Stories we tell ourselves: The future of cinema

February 7, 2016

Instep speaks to a diverse group of artists as they weigh in on the future of cinema

Stories we tell ourselves: The future of cinema

If the past year one year has proven anything, it’s that Pakistani cinema is finally on its way to finding an identity of its own. If 2015 gave us films like Moor, Manto, Shah, 3 Bahadur, Dekh Magar Pyar Se, Bin Roye, Karachi Se Lahore, Wrong No and Jawani Phir Nahi Ani  2016 feels equally momentous. Several films are scheduled to make a mark in the coming months ahead including the reimagining of the iconic Maula Jutt by Bilal Lashari, a noir film called Downward Dog by Jami, a biopic on the legendary Alamgir starring Fawad Khan as well as Shaan Shahid’s adaptation of Mahesh Bhatt’s iconic 1982 film, Arth. More closer to release is the adventurous Bachaana starring Sanam Saeed, Mohib Mirza and Adeel Hashmi, which is scheduled to arrive in cinemas later this month.

There are plenty of reasons to celebrate this new age of cinema, not the least of which is the usage of local music and the glorious innovation on display by fiery acts that represent the expanding music scene. Think Jamal Rahman and Danish Khwaja’s intense Manto soundtrack or the surprisingly catchy sounds of DMPS and the haunting glory of Moor’s music by Strings.

That said, this resurrection story, though not without merits, still needs time as first-time filmmakers learn from past mistakes and learn to hone their craft, both technically and conceptually.

Films need to start looking like films, not TV dramas; scripts need to be sharper and embedded with performances that leave a lasting impression. Acting truly needs to improve across the board. There is a desperate need for creative, out-of-the-box thinking when corporate sponsorship is involved with a film. Filmmakers need money to make films but branding needs to be subtle.

But none of these things can be achieved overnight. And this is the sentiment shared by many industry experts who we caught up with over the course of this story.

Actor Adeel Hashmi, who makes his big screen debut in Bachaana later this month, feels no can predict the fate of a film except maybe the audience."There is no formula to success. We have taken the first step but the journey ahead is long," Hashmi told Instep on the sidelines of the Bachaana trailer launch in Karachi. Using a cricket analogy, Hashmi noted, "Pakistan performs well in the first 15 overs and struggles later on. Hopefully, our performance will stay strong beyond the first few overs… like a test match."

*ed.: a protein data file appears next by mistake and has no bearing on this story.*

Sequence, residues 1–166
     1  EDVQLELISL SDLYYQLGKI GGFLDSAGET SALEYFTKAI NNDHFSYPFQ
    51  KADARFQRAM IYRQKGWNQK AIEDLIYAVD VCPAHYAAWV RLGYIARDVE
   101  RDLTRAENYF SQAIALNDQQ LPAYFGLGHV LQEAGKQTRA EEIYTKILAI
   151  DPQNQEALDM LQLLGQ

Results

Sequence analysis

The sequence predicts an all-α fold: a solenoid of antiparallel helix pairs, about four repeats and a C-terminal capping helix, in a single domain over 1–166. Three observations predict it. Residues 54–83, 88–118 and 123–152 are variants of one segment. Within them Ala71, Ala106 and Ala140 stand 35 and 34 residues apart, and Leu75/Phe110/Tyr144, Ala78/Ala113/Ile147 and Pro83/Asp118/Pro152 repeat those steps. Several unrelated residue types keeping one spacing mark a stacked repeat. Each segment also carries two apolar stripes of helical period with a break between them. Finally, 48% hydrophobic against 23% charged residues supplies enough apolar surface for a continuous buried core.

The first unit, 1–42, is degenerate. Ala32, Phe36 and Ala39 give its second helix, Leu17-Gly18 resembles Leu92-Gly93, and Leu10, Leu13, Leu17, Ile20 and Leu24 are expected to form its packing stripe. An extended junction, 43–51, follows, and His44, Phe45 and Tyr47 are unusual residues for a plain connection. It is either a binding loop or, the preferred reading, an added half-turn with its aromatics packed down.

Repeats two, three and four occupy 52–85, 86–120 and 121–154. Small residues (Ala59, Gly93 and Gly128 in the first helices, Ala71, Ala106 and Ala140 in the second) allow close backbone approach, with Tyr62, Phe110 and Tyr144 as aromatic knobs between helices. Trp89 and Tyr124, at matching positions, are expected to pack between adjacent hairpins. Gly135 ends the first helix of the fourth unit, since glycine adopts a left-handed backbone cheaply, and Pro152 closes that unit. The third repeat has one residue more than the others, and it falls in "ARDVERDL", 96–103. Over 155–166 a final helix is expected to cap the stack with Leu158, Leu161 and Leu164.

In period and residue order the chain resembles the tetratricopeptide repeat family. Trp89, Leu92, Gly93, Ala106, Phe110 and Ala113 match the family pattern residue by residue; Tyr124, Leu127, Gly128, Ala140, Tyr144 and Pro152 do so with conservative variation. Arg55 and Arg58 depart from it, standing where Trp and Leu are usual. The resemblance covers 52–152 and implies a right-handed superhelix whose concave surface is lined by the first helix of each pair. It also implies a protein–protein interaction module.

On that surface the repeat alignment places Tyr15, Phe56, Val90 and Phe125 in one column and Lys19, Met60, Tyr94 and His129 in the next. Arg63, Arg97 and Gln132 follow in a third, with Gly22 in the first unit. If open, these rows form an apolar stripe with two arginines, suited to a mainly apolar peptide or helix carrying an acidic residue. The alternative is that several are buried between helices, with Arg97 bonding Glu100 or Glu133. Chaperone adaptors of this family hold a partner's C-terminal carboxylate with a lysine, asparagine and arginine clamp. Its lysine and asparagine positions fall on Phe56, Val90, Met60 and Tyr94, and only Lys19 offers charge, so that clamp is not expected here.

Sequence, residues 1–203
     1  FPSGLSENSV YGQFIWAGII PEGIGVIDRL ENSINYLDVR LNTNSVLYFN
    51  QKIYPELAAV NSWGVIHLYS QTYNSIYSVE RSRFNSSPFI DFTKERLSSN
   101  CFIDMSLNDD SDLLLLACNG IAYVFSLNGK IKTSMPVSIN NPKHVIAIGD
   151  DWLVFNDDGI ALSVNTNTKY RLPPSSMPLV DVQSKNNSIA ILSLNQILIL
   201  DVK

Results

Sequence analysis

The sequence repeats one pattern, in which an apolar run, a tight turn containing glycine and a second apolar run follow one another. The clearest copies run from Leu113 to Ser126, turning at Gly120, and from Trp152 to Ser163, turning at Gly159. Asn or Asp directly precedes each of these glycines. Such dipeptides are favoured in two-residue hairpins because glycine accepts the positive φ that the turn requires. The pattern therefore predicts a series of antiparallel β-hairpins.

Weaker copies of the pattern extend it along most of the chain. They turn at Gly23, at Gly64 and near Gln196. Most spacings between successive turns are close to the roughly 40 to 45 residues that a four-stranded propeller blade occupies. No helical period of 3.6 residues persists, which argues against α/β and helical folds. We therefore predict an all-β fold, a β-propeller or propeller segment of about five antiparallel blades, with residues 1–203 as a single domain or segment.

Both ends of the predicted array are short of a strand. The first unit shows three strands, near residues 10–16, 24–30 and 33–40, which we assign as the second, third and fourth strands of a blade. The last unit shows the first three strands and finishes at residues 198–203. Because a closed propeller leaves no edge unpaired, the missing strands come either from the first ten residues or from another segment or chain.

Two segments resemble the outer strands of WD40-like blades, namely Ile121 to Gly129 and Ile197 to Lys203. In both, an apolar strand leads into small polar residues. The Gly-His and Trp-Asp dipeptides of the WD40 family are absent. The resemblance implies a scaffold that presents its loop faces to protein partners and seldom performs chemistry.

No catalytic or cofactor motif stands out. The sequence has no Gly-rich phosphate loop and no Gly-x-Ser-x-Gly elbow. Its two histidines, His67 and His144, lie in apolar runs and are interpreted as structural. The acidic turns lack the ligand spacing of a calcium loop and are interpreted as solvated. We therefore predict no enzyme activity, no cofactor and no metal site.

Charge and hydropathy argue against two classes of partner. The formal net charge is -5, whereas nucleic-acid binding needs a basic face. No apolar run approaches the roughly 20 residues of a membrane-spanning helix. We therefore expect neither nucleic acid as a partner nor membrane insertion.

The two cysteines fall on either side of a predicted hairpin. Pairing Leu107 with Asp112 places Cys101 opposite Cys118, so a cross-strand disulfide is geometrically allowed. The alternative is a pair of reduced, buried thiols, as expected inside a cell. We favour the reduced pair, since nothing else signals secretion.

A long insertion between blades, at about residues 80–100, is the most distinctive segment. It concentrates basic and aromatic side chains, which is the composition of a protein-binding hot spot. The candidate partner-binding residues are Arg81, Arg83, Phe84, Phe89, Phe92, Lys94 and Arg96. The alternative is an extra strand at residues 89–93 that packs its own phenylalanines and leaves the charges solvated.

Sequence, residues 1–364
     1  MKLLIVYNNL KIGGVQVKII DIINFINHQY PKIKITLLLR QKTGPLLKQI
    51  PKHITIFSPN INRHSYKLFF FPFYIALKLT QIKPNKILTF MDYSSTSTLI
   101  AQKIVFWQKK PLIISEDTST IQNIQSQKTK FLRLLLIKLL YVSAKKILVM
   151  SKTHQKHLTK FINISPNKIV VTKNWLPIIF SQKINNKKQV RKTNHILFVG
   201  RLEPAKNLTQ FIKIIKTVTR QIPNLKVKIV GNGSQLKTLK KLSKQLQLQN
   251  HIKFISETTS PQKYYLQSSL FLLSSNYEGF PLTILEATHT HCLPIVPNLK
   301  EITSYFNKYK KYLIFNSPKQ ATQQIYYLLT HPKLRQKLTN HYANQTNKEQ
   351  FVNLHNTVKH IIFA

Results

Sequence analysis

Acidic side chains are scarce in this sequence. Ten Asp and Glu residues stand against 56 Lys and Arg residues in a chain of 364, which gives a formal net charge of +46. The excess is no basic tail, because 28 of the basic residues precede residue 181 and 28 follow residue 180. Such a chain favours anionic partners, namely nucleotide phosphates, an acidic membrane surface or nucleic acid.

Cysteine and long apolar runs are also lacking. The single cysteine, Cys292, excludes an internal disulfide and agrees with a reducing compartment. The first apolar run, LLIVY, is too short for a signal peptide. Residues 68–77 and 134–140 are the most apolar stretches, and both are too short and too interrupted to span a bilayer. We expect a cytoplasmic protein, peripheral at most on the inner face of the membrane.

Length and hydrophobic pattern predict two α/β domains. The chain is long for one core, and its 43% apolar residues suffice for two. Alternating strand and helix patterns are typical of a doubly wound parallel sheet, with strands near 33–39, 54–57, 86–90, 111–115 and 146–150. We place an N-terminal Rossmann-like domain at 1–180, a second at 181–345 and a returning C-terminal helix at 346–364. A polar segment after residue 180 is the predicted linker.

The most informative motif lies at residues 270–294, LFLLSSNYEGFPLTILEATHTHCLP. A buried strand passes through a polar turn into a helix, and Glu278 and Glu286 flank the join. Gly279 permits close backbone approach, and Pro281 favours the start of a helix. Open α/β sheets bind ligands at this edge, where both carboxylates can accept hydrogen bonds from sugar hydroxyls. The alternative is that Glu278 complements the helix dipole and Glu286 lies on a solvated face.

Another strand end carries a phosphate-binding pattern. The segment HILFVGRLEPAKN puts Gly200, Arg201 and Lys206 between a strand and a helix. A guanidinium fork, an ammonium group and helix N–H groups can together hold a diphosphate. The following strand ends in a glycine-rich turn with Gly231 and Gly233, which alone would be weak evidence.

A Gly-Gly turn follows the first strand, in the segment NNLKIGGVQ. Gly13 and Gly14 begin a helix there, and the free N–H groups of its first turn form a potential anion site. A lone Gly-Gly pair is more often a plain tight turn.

Bilal Maqsood, one-half of super music group Strings and co-producer of Coke Studio (since 2014) as well as the glorious soundtrack of Moor, believes that cinema will give this country stand-alone icons. A supporter of the new wave of Pakistani cinema, Maqsood (along with band mate Faisal Kapadia) was present at the music launch concert of Ho Mann Jahan and during the course of a brief and conversation with Instep, Maqsood reflected on the need for cinematic heroes.

"The tragedy is that we don’t have icons," he told Instep and continued: "Our icons come from across the border like Shah Rukh Khan or Salman Khan. Film is an institution that creates its own heroes. A large number of television stars are working in films now. This will change with time as cinema learns to creates its own icons. Both industries will grow independently."

Actor par excellence, Nimra Bucha who starred in last year’s Manto and also features in Asim Reza’s Ho Mann Jahan, maintains that art including cinema can and should hold a mirror to society. It has the power to reflect on the uncomfortable and necessary truths that we shy away from.

"The reason why people connected to a film like Manto was because we actually looked at ourselves and said, ‘oh, we’re not just brave, perfect, good Muslim people, there is a lot more to us’ - it was about an artist of ours who we didn’t own, so the film (Manto) was speaking a truth," Bucha told Instep in a recent conversation and noted, "Hearing the truth can be shocking but can also come as a relief, someone said it on our behalf. Cinema can do that…."

Meanwhile, filmmaker and musician Babar Sheikh maintains that several factors need to be taken into consideration when talking about cinema revival. "It’s not just films that make a revival possible," Shaikh told Instep. "There are several other things like distribution network or amount of screens; we’re way behind where we should be in terms of (cinema) screens. When the numbers of screens increase, viewership will also rise."


Shaikh (who is gearing up to make his own film soon) maintains that the focus needs to shift to strong, progressive narratives.

"As a fraternity of filmmakers, we need to focus on stories/narrative. Some of the best stories to come out of Pakistani TV screens happened in the eighties," Shaikh told Instep and added, "We have to look at a lot of other things like the way women are portrayed for example … Look at them now and look at them in the eighties. The way you had Marina Khan climbing walls, a working woman - it was forward moving and not like now when women are portrayed as ‘bechari’ types so I think that’s not evolution, it is devolution. I’m looking forward to what cinema revival will have to say about this."

Stories we tell ourselves: The future of cinema